Nothing at all to do with folk being Japanese. Blondes have fun everywhere. :-)

Could a 20-something female Indonesian have had such a blissful, wonderful experience in Japan as you apparently did as a youth?

Dunno, you'll have to ask one.

-2 ( +1 / -3 )

I think Ken Tanaka has the best method: How to speak Japanese without saying a word

http://www.youtube.com/watch?v=XuFe5lqBAYE

1 ( +2 / -1 )

How about, I am going to the kobini for some ichiban shibori and yakitori, etc...???

elbuda,

Brewskies fine, but PLS oh PLS dont buy yakitori at a konbibi, yuck!

1 ( +1 / -0 )

it doesn't take ten years..... it just takes complete immersion. My brother who didn't know any Japanese came back from living up north in sendai a while ago (lived there for 2 years). He had lots of trouble coming back to speaking in English. He had to translate his thoughts from Japanese to English. He said he saw a foreigner once a every 2 months.

0 ( +0 / -0 )

ps. he forgot many basic words like 'sticky tape' and 'over coat' ... was hilarious ;)

0 ( +0 / -0 )

You write very well for such a youngster ; )

When I first arrived in Japan, there was no such thing as "bilingual TV". Television can be an excellent teacher because "seeing is understanding". It certainly helped me get around! However, one day, when I wanted to buy 5 small cakes, I discovered I only knew how to say "yotsu" so I said: "Kore wo yotsu kudasai" then immediately, as if it were an "afterthought" I added : "Ah! Mo hitotsu kudasai!"

1 ( +1 / -0 )

Better be Fluent to native status by the end of this decade, of it's for me to stay in japan for life

0 ( +0 / -0 )

Just in case it isn't "evident", I meant the author: Ken Seeroi - such a cute photo!

0 ( +0 / -0 )

After reading some of the native-English speaking/writing respondents' replies here, I simply have to assume that no matter how fluent they are/aren't in Nihongo, their Nihongo is surely better than their native Eigo. ;-)

2 ( +2 / -0 )

I speak fluent Japanese, English, German, and my mother language... My Japanese is probably the best right now, as many Jpeople on the phone are confused by my foreign name and native-like intonation and fluency.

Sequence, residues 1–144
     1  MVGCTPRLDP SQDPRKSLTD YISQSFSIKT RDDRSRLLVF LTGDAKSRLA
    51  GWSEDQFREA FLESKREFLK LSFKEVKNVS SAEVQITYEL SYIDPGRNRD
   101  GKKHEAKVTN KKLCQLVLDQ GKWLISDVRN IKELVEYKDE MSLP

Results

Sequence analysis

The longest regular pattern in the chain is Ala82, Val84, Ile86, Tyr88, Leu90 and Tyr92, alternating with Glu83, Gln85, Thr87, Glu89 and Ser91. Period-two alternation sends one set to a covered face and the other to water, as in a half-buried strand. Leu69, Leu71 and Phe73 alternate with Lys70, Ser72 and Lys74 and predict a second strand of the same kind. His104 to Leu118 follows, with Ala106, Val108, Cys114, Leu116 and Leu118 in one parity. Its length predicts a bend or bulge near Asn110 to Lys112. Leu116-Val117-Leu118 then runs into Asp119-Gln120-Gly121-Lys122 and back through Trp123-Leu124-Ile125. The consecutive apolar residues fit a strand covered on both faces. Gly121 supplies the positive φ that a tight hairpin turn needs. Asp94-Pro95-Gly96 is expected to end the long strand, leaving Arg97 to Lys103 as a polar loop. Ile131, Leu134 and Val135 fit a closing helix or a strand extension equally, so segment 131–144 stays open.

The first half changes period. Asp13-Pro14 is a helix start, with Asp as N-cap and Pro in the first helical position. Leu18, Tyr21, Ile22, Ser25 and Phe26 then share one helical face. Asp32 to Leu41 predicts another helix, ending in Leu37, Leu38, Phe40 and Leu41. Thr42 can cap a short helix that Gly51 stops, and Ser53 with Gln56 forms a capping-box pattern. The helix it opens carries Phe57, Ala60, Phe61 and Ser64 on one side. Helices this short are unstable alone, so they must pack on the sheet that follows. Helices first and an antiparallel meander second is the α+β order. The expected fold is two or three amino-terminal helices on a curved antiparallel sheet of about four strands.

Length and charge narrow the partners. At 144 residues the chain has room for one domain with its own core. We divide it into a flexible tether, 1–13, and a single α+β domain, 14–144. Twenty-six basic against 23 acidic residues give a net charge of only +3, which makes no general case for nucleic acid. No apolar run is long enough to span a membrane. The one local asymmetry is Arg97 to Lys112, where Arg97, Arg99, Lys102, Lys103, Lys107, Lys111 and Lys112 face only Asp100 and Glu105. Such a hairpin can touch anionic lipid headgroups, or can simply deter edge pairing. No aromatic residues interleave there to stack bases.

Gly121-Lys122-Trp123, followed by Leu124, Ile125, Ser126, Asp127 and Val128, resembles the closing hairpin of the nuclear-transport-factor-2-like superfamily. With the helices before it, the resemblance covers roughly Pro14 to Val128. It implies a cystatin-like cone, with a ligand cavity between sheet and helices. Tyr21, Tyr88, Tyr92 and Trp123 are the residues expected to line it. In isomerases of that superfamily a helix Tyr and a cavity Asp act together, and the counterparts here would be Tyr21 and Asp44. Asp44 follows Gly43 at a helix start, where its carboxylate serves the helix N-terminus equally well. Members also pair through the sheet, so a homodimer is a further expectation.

Working in a Japanese company, reading Japanese newspapers and having a general Japanese only atmosphere helped as well.

0 ( +1 / -1 )

However, one day, when I wanted to buy 5 small cakes, I discovered I only knew how to say "yotsu" so I said: "Kore wo yotsu kudasai" then immediately, as if it were an "afterthought" I added : "Ah! Mo hitotsu kudasai!"

I don't know why, but I always find "five" to be humorous. For some reason "itsutsu" always makes me smile. (I know. I'm weird.)

0 ( +0 / -0 )

...and ここのつ. "I've got a lov-e-ly bunch of ここのつ!"

2 ( +2 / -0 )

...and ここのつ. "I've got a lov-e-ly bunch of ここのつ!"

lol'd because I sang that when i read it XD

0 ( +0 / -0 )

I certainly agree with everyone who said that it takes a long time to become proficient in Japanese. I touched on that this week in http://www.japaneseruleof7.com/the-best-way-to-learn-japanese/ , along with examining some of the mass-marketed programs that promise you'll soon be speaking Japanese in your sleep. Just by eating three magic beans or something.

But in this article, I was interested in exploring the discrepancy between knowledge and fluency. They often seem to have little relation to one another, which I find surprising. I thought the two would go hand in hand, but hey, they don't seem to.

Some people who have tremendous knowledge have difficulty putting it into practice, while others with quite limited vocabulary and grammar are able to hold conversations just fine. And that's in English. From what I've seen, it is possible to acquire decent Japanese grammar and enough vocabulary to discuss a range of topics within 6 months and two years. Beyond that, how deeply or articulately one can discuss a subject, well, that's a lifetime endeavor. I haven't found that limit yet.

-4 ( +0 / -4 )

I'm finding it hard to cope in my Japanese class. I guess it's too much to learn two languages at once.

Try finding online Japanese videos with lots of chatter and with English captions. If you're learning Japanese writing, even better if they have Japanese captions as well. Or maybe can find DVDs.

https://www.youtube.com/watch?v=yuMqg7Q3u4s

0 ( +0 / -0 )